Molecular and General Genetics MGG

, Volume 229, Issue 1, pp 1–9

The KNS1 gene of Saccharomyces cerevisiae encodes a nonessential protein kinase homologue that is distantly related to members of the CDC28/cdc2 gene family

Authors

  • Ramesh Padmanabha
    • Department of BiologyYale University
  • Sonja Gehrung
    • Department of BiologyYale University
  • Michael Snyder
    • Department of BiologyYale University
Article

DOI: 10.1007/BF00264206

Cite this article as:
Padmanabha, R., Gehrung, S. & Snyder, M. Molec. Gen. Genet. (1991) 229: 1. doi:10.1007/BF00264206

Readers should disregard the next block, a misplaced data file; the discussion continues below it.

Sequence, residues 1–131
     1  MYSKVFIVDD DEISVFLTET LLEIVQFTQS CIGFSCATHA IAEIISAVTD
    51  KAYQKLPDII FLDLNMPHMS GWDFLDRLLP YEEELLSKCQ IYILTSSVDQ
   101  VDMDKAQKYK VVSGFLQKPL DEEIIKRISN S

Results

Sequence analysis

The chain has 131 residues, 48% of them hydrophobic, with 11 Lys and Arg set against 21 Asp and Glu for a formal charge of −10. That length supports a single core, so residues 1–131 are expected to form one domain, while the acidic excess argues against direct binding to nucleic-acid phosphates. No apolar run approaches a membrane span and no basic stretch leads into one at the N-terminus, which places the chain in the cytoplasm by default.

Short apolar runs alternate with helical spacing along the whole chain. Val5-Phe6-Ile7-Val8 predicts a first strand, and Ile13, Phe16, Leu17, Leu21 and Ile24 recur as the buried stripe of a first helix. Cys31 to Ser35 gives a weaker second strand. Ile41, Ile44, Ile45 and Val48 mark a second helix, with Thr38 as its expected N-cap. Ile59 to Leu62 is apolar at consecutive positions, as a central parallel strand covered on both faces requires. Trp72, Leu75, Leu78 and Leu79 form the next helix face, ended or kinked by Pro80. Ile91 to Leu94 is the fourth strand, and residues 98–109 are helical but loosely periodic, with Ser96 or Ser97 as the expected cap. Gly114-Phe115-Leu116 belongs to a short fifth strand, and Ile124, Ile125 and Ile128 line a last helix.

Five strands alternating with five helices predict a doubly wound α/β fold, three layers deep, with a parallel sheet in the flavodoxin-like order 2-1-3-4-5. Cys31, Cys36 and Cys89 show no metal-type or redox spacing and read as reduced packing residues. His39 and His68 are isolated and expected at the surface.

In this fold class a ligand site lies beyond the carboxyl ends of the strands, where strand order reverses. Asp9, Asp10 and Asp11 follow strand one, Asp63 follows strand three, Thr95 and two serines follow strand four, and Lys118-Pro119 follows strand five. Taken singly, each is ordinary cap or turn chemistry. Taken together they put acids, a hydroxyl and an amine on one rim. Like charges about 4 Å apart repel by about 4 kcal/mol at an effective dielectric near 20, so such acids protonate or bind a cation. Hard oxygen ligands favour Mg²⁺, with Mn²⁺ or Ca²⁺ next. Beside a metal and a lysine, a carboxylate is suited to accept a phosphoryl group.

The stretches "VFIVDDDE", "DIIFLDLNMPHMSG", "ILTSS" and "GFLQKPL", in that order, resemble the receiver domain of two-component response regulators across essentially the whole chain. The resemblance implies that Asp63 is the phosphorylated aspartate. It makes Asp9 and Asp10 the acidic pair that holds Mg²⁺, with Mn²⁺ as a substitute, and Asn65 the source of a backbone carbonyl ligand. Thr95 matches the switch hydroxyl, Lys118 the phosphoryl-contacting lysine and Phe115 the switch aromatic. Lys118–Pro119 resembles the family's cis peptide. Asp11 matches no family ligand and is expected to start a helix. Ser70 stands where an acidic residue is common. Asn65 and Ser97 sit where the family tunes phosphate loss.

Summary

A novel protein kinase homologue (KNS1) has been identified in Saccharomyces cerevisiae. KNS1 contains an open reading frame of 720 codons. The carboxy-terminal portion of the predicted protein sequence is similar to that of many other protein kinases, exhibiting 36% identity to the cdc2 gene product of Schizosaccharomyces pombe and 34% identity to the CDC28 gene product of S. cerevisiae. Deletion mutations were constructed in the KNS1 gene. kns1 mutants grow at the same rate as wild-type cells using several different carbon sources. They mate at normal efficiencies, and they sporulate successfully. No defects were found in entry into or exit from stationary phase. Thus, the KNS1 gene is not essential for cell growth and a variety of other cellular processes in yeast.

Key words

Protein kinaseYeastCDC28Cell cycle

Copyright information

© Springer-Verlag 1991